Xanadu Launches First Public Cloud-deployed Computer With Quantum Computational Advantage

Xanadu Launches First Public Cloud-deployed Computer With Quantum Computational Advantage
Xanadu Launches First Public Cloud-deployed Computer With Quantum Computational Advantage

Xanadu Launches First Public Cloud-deployed Computer With Quantum Computational Advantage

PRESS RELEASE — TORONTO, June 1, 2022 /PRNewswire/ — Xanadu has demonstrated quantum computational advantage using Borealis, their newest photonic quantum computer. It is the first photonic quantum computer offering full programmability of all its gates to demonstrate quantum computational advantage, and the first time that a machine capable of quantum advantage has been made available to the public in the cloud. This achievement, published in Nature, is a significant milestone on the path to building a large-scale, fault-tolerant quantum computer, and a pivotal step in Xanadu’s mission to build quantum computers that are useful and available to people everywhere.

Quantum computational advantage is achieved when a quantum computer outperforms the world’s fastest supercomputers, running the best-known algorithms, on a well-defined task. Borealis synthesizes a quantum state of 216 squeezed-state qubits, entangled in three dimensions according to the user’s specified program. It then generates samples from this state at a rate exceeding the capabilities of any existing classical supercomputer. Using direct simulation, the fastest supercomputer in the world would take approximately 9,000 years to generate a single such sample, compared to 36 microseconds for Borealis. This runtime advantage is more than 50 million times larger than that of earlier photonic demonstrations.

“We are thrilled to have deployed quantum computational advantage on the cloud publicly for the very first time for users around the world”, says Christian Weedbrook, founder and CEO of Xanadu. “This is another big milestone for quantum computing. And it shows the exceptional talent we have here at Xanadu as well as the ability for photonic quantum computers to scale up.”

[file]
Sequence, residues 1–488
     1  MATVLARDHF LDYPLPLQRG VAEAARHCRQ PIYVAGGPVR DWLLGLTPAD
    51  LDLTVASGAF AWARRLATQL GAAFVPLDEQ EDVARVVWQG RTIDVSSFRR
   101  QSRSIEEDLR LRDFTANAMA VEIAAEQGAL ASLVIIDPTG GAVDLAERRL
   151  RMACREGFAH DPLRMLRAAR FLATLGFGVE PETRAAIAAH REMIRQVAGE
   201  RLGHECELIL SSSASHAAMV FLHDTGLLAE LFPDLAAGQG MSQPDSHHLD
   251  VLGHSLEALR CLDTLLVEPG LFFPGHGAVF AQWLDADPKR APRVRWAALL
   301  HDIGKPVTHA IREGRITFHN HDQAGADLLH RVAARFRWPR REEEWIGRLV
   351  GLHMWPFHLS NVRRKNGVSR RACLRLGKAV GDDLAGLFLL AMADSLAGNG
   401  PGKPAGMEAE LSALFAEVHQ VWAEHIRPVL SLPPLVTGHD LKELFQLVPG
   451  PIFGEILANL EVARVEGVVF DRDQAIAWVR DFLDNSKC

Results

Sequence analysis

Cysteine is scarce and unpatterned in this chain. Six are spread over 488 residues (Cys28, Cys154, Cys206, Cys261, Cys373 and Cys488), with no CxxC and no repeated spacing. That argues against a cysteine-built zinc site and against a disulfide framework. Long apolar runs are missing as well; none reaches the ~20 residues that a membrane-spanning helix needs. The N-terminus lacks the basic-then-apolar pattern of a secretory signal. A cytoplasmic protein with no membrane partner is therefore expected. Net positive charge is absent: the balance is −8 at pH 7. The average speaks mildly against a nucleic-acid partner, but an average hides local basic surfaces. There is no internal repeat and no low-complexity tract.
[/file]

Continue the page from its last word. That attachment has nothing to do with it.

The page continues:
This demonstration marks the first time quantum computational advantage has been achieved in Canada, and also the first time anywhere by a startup company. Additionally, several technologies developed for this machine solve key challenges in the development of fault-tolerant quantum computers. Such computers have the potential to unlock computational power that will solve an array of intractable problems in fields as diverse as next-generation battery development, drug discovery, finance, and logistics.

Borealis is accessible to anyone with an internet connection over Xanadu Cloud, and will also be available via Amazon Braket, the fully managed quantum computing service from AWS.

“With Borealis on Amazon Braket, for the first time, any researcher or developer will be able to validate a claim of quantum advantage and evaluate how photonic quantum computing may eventually expand their choice of compute technologies, enabling them to innovate more quickly,” said Richard Moulds, General Manager of Amazon Braket at AWS.

The team at Xanadu continues to focus on the next monumental hurdle in quantum computing — achieving fault-tolerant quantum computation and developing industry-relevant applications. Customers can access Borealis on Xanadu Cloud beginning today or soon via Amazon Braket.

About Xanadu: Xanadu is a Canadian quantum technology company with the mission to build quantum computers that are useful and available to people everywhere. Founded in 2016, Xanadu has become one of the world’s leading quantum hardware and software companies. The company also leads the development of PennyLane, an open-source software library for quantum computing and application development. Visit www.xanadu.ai or follow us on Twitter @XanaduAI.

SOURCE Xanadu

James Dargan

James Dargan

James Dargan is a contributor at The Quantum Insider. His focus is on the QC startup ecosystem and he writes articles on the space that have a tone accessible to the average reader

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